The deadline for investors to come aboard Gov. Kay Ivey’s prison lease plan passed June 1 with no takers.
State Auditor Jim Zeigler, an opponent of the Ivey plan, says “the prison lease plan is dead, as it should be.”
Zeigler spoke Tuesday night in Northport, Alabama, and announced his own “commonsense” plan. His “Operation Fresh Start” will be less than 1/3 the cost of the Ivey plan and will require approval of the Alabama legislature. He says he has sent the plan to the 140 legislators.
Zeigler made this statement:
“I believe that investors saw the fatal flaws in the Ivey plan and would not touch it with a 10-foot pole. The three underwriters for the plan withdrew — Barclays, KeyBank, and Stifel. Now, the contractual deadline for investors has passed. The Ivey plan is dead – as it should be.
“The Ivey plan would have contracted with three consortiums of private businesses, two led by CoreCivic of Nashville. The contractors would have paid to build three super-prisons in Bibb, Elmore, and Escambia Counties of Alabama. Two of the contracts were signed by Ivey on Feb. 1 with the one in Bibb County pending.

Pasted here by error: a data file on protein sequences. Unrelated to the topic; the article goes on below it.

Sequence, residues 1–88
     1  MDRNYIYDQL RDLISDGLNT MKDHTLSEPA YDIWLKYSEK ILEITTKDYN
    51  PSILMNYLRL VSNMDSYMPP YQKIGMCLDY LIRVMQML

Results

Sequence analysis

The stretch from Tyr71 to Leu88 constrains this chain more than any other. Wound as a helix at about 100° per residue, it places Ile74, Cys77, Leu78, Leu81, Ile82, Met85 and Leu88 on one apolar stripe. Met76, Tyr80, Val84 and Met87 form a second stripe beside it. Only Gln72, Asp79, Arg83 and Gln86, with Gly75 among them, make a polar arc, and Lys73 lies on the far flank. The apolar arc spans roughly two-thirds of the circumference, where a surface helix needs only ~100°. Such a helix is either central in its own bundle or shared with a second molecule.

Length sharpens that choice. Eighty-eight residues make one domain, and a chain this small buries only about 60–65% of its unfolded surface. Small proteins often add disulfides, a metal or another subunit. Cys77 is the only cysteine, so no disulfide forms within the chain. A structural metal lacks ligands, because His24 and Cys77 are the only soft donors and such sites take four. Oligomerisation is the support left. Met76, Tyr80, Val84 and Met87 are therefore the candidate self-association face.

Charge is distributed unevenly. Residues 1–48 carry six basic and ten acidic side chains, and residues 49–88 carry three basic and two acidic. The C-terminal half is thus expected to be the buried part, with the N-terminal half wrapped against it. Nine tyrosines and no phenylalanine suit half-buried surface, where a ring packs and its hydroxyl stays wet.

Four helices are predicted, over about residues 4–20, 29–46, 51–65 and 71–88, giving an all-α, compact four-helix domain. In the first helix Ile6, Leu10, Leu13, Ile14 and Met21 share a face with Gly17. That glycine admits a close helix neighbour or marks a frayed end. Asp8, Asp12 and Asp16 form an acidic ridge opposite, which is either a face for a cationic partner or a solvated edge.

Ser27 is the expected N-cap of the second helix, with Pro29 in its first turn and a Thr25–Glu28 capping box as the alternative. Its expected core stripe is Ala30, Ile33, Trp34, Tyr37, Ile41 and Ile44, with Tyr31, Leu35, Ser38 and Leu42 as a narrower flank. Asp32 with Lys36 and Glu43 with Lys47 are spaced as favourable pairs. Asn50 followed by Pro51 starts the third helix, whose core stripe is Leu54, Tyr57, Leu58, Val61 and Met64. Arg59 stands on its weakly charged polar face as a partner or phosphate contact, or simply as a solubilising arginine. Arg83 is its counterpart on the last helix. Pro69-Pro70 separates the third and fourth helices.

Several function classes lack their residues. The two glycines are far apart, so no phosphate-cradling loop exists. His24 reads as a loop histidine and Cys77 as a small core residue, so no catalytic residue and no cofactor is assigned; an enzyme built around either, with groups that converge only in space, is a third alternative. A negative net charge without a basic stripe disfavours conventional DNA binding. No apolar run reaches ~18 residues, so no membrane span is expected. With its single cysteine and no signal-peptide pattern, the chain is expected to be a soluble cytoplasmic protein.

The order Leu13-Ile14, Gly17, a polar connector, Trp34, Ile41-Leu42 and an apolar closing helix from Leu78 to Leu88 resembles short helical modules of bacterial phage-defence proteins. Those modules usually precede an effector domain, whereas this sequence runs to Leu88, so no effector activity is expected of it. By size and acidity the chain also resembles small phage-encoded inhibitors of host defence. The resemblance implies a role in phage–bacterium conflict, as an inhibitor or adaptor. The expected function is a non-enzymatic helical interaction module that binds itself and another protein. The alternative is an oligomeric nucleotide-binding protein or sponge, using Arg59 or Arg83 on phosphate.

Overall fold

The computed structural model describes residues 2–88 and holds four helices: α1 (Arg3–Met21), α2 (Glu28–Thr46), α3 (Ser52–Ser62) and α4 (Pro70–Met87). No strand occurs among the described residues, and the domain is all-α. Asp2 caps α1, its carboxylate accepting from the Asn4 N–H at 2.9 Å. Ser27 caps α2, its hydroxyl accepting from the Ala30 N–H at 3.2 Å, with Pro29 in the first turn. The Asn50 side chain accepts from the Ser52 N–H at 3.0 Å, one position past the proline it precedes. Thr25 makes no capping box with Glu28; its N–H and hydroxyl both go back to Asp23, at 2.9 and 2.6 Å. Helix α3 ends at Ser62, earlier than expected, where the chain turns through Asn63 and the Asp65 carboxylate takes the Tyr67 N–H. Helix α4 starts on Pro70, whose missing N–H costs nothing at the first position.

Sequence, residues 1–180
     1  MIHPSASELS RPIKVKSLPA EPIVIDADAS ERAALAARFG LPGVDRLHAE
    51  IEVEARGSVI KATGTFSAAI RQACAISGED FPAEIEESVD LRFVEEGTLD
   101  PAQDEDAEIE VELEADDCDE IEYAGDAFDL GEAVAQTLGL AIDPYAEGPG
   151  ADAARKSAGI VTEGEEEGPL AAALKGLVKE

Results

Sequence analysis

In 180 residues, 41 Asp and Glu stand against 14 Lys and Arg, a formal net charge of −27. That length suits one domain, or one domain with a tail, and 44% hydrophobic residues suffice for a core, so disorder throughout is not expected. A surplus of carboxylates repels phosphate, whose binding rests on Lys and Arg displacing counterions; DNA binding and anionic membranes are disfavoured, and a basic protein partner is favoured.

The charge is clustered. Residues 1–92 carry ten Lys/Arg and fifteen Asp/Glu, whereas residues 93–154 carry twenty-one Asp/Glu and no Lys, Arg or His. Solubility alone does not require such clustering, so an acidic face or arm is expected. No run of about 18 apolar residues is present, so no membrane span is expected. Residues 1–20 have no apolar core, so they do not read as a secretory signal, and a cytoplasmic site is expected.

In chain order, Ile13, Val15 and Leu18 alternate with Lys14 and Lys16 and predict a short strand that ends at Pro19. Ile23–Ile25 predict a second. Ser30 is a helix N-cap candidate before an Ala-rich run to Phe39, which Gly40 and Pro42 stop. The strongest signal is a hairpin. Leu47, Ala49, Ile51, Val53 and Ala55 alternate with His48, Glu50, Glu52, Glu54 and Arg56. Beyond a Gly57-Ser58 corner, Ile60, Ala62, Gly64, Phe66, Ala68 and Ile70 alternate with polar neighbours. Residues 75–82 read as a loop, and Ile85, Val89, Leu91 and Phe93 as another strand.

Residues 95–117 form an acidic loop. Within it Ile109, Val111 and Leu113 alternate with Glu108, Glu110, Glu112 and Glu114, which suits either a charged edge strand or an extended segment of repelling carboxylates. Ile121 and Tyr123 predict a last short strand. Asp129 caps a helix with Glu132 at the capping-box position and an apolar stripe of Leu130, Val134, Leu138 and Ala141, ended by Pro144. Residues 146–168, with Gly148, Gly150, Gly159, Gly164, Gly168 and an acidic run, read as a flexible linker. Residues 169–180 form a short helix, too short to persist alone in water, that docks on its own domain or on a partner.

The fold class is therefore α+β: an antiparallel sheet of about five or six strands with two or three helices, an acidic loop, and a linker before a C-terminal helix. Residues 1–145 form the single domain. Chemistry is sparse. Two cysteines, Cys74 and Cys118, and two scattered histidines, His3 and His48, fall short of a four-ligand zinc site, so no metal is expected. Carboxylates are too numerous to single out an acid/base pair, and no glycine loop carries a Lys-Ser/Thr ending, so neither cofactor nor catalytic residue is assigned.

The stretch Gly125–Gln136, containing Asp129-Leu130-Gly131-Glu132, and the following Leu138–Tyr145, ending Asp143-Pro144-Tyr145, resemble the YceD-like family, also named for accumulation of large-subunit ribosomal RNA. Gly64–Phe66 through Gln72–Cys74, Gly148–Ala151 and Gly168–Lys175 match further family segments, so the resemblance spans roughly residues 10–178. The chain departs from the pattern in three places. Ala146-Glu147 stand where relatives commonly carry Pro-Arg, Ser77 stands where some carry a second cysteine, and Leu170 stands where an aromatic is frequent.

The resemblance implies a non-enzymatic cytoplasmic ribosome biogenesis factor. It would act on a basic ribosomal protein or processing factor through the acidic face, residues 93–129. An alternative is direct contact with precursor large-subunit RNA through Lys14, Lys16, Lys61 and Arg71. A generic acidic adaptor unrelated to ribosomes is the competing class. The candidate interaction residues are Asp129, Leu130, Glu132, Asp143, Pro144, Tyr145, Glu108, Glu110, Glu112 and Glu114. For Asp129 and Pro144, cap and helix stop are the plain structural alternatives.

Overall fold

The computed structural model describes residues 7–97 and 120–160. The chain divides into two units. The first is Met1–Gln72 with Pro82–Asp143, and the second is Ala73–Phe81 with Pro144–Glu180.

“The Ivey plan would have forced Alabama taxpayers to pay rents starting about $94 million a year and going up to about $106 million. At the end of 30 years, the state would own equity in the prisons of zero. No equity. That was a bad business plan. The Ivey plan did not address the problems in the prison system – the safety of staff and other inmates, overcrowding, mental health, suicide, recidivism, and inadequate job training. The plan merely threw $3.6 billion of taxpayer money into rented buildings,” Zeigler said.
In Zeigler’s 10 point plan, the state would build only one new prison at this time using a legislatively-approved bond issue. He says bond costs are near record lows.
“There is not a giant one-step cure-all for the prison problems. It will take a series of smaller, commonsense steps. That is what my plan is,” Zeigler said.